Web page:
For some, thinking of returning to the old home place may be a strategy to escape from unhappiness, discomfort or fear. I get that because I have had those same feelings. I try to respond to those feelings with patience and wisdom.

I still feel deep connections to family and friends in distant places. My intention is to nurture those connections through travel and communications. I also want to make new connections with people who are right here. 

I suppose what I am saying is that we don’t “go” home.  We live in our home –  wherever we are – for each minute of every day, with those to whom we are connected.  If we get attached to the idea of being somewhere else, we aren’t home anymore. We are missing out on life, one present moment at a time. The definition of “home” should be an expansive one, to allow for the full acceptance of everything that is happening, in every moment as it occurs.

In that sense, my answer is “yes” – you should go home again. Constantly.

Some wisdom from the Buddha:

The secret of health for both mind and body is not to mourn for the past, not to worry about the future, or not to anticipate troubles, but to live in the present moment wisely and earnestly.

That is a world view that I fully embrace, more so now than when I was younger.

This has been a bit of a rambling post. I regret that I am not better at conveying my true emotions in writing. I did the best I could with my limited skills.

I would welcome and appreciate your thoughts and ideas.

Did I say that you should see “The Trip to Bountiful”?

P.S.:  Support your local theater. I am confident that you will be rewarded.


Comments

  1. Bob Bergstrom says

    I grew up in a small mid-western town, married my high school sweetheart while in college, graduated, and returned home about a year later during a career move. We now have lived 5 miles from our childhood homes for almost 50 years. “Home” today is nothing like the home we knew in the 1960’s. Small town main streets have died off as interstates, super-stores and populations have died off. For someone to make a move based upon old memories would be a big mistake. I love the quiet life here and also connecting with old classmates now that we are retired. But most importantly, as you imply, home truly is a state of mind intersecting with living in the present. Life is good. BB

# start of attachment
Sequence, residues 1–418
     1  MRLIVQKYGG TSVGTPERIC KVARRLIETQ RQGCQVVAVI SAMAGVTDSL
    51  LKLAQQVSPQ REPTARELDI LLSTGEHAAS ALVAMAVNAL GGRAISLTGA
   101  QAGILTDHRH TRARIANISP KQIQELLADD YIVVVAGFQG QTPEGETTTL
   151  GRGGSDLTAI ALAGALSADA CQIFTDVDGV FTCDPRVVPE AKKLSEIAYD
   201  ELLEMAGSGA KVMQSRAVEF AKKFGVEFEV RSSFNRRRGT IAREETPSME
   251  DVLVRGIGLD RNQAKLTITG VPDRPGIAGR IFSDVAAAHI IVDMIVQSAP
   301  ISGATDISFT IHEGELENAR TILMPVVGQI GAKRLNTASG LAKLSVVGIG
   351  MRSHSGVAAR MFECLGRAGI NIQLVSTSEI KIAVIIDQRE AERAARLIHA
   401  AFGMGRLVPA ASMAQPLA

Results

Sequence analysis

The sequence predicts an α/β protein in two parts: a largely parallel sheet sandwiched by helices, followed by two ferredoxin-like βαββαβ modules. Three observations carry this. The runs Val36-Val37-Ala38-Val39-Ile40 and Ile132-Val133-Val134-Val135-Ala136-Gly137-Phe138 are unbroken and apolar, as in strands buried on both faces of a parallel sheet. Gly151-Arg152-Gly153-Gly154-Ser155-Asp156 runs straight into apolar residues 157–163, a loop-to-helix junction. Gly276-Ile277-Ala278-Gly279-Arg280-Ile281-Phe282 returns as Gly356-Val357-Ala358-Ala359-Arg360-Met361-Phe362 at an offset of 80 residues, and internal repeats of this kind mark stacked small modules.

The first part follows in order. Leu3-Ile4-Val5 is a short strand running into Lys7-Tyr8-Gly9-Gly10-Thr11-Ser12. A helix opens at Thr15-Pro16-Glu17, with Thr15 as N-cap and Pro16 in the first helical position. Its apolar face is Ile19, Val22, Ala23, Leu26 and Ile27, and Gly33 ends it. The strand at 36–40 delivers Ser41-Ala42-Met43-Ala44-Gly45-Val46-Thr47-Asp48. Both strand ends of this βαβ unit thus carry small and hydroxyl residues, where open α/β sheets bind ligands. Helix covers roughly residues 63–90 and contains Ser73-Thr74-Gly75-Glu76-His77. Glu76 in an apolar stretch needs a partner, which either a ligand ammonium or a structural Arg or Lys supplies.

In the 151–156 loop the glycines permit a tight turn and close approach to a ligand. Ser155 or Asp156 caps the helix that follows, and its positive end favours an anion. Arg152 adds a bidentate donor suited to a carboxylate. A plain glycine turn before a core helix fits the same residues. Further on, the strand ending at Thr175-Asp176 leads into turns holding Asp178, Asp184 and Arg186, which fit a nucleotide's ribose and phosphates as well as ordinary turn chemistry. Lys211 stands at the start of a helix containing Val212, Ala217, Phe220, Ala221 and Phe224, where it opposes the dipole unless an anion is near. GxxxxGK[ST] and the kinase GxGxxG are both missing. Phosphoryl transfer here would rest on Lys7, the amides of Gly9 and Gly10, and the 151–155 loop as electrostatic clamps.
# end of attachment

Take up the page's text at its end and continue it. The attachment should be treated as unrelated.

• MJP says

      Hi Bob – Thanks for your comments. I’m sure your story of not so great changes in the old home town is a familiar one.

  2. says

    This is just what I needed to hear today. Thank you for that.
    Coincidentally, I just attended a high school production of Noel Coward’s Relative Values last night. Those kids did a great job! Especially considering they performed in English, their second language.

    • MJP says

      Thanks for your concern. I will write more about my single status when I feel the time is right for me and my family.

  3. Dorf Diva says

    Wow, I have spent the last twelve hours reading your website, especially the posts about downsizing. I commend you for your really interesting blog, and the consistency of your posting. Looking forward to reading the lifestyle topics! But after reading so many posts, I am puzzled/alarmed why you say you are single –? None of my business, just hope all is well and you are okay.

  4. mary says

    This was well versed and introspective. I firmly believe home is where you need it to be. This has been a tough year for me but my ‘life’ friends have held me up. Keep writing Mark!